A ''rat tsunami'' is infesting homes and threatening wildlife across Northland as a booming rodent population munches its way through anything in its path.
While there's nothing unusual about rats seeking warmth in people's homes during winter, pest control firms say this year's rodent invasion started earlier and in numbers far higher than normal.
The population explosion is irritating, and frightening, for home owners and is a cost and hassle for hospitality businesses. For native wildlife, it can be disastrous, as the rat plagues are linked to local extinctions of birds, bats and insects.
The cause is thought to be a ''mega-mast'', when native trees and shrubs produce unusually large amounts of fruit and seeds. Plentiful food and mild temperatures allow rats to breed quickly. Once the seeds have been devoured, the voracious rodents turn to native wildlife as well as bins and pantries.
• Brazen cat-sized rodents causing headaches for Titirangi residents
• Titirangi residents share hilarious memes about 'cat-sized' rats on local Facebook page
• Auckland Council helps pay for backyard rat trapping credited with bringing back native birds
• It's not just Titirangi: Rat infestation doubles across New Zealand
Brad Windust, of conservation group Bay Bush Action, said volunteers caught their 10,000th rat last week, despite only trapping since 2011 in a relatively small area of bush behind Paihia.
''There's always a seasonal bump in catches this time of year but right now we're trapping what feels like a tsunami coming in. It's a double whammy as rat plagues like this also dramatically increase stoat numbers.''
Windust said he feared a repeat of previous localised extinctions.
''Northland has already lost far too much to the mouths of these introduced invasive predators. Our forest parrots the kākā and kākāriki are gone, along with bellbirds and saddleback,'' he said.
The problem is not confined to the Bay of Islands or to native bush. Pest control companies around Northland and the rest of the country say they are fielding many more calls about rodents than usual.
Donations flood in for environmental group hit by trap thefts
Northland man's pest trap targets different species
John Clarke, of Waimate North-based Pestworx, said numbers were at least twice as high as last year.
''They also seem to be a lot more brazen this year, because there's so many of them I guess. We're getting lots and lots of calls and going through buckets and buckets of bait.''
Brandon Smith, of Northpest in Whangārei, started fielding calls about rats in March - about three months earlier than usual.
Calls for advice and pest control were up at least 50 per cent on last year. House mice, black rats and Norway rats are the main problems.
''It's going to take a bit to get them under control,'' he said.
Forest and Bird Northland conservation advocate Dean Baigent-Mercer said pest control groups around New Zealand were reporting high rat numbers, from the tree tops to the forest floor, in urban areas and on beaches.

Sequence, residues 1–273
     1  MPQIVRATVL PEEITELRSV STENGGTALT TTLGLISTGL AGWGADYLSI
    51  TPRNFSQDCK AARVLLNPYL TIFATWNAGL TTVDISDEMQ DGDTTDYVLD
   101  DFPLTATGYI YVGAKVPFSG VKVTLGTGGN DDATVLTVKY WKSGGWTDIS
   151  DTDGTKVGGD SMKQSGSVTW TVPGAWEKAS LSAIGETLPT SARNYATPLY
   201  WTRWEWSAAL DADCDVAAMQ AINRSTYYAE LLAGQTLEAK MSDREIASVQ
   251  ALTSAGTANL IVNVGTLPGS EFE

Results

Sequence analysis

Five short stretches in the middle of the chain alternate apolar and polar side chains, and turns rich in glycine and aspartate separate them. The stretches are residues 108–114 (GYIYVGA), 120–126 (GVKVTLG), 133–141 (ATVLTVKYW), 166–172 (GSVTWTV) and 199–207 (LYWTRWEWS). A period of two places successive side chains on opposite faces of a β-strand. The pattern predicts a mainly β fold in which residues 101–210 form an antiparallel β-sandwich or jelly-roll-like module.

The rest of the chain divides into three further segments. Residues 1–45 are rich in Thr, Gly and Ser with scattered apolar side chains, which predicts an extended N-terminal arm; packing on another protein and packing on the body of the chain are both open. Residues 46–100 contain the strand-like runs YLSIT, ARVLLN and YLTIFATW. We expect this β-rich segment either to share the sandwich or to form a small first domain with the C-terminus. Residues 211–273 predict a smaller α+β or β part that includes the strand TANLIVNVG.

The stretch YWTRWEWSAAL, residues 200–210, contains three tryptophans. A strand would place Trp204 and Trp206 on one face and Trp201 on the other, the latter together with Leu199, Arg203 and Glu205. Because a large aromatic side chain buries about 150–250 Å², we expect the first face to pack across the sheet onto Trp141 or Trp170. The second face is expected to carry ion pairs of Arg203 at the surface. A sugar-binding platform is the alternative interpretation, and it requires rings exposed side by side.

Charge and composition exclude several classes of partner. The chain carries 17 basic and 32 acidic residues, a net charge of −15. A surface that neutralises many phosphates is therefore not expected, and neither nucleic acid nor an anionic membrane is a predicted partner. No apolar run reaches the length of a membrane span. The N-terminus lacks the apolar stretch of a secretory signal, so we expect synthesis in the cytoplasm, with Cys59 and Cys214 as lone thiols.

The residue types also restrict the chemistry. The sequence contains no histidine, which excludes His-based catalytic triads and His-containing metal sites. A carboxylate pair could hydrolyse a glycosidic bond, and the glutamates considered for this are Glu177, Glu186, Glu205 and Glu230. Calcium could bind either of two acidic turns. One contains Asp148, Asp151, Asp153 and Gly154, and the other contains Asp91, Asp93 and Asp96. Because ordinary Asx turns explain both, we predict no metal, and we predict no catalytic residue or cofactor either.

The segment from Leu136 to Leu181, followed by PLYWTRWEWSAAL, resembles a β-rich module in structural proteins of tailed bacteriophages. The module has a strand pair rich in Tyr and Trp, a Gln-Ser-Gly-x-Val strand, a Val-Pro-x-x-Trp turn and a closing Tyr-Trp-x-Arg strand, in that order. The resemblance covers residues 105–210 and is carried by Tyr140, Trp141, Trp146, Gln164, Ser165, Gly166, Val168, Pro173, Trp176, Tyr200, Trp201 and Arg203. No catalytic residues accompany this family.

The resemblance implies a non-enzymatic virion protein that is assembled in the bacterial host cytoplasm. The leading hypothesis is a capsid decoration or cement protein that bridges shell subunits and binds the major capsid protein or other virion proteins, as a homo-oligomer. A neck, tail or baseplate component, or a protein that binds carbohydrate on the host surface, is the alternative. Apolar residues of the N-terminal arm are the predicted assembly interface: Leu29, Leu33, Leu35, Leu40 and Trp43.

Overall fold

''They're everywhere,'' he said.
''As weather turns cold and food from native trees dries up, the rats are looking for other things to eat so they will head into people's homes and eat native birds, bats and wētā. They will be eating their way through the ecosystem.''
Given the right conditions, a rat could have 10 babies every two months, he said.
Masting, or producing more seeds than usual, was common to all plants but this year a large number of species — such as flax, cabbage tree and kahikatea in Northland — had masted at the same time in a ''mega-mast''. Before humans brought pests to New Zealand, mast years were times of abundance when native species ate and bred well.
''But the years that used to benefit native birds and bugs are now years of terror, population collapse and extinction,'' Baigent-Mercer said.
Because half of stoats' diet consisted of rats, a rat boom was always followed by a stoat boom, which had serious consequences for kiwi populations.
Rat infestations are being reported around the country. Titirangi is also grappling with giant-sized rodents. Residents of the West Auckland suburb have reported seeing rats the size of small possums.
How to keep rats out of your house
• Try to rodent-proof your home by blocking holes and sealing gaps around pipes. Block any gaps under doors.
• Trim trees or bushes overhanging your roof. A rat can easily jump gaps a metre high or wide.
• Keep anything rats might eat in closed containers.
• Store rubbish or food scraps in metal or thick plastic bins with lids.
• Don't leave rubbish bags outside overnight.
• Don't leave extra pet food out.
• Clear weeds or ''harbourage areas'' around your property and keep an eye on compost bins.
• Use poison baits or traps around the outside of your house first to stop rodents getting in. Use bait inside as a last resort.
Tips from the Ministry of Health, Pestworx and Northpest.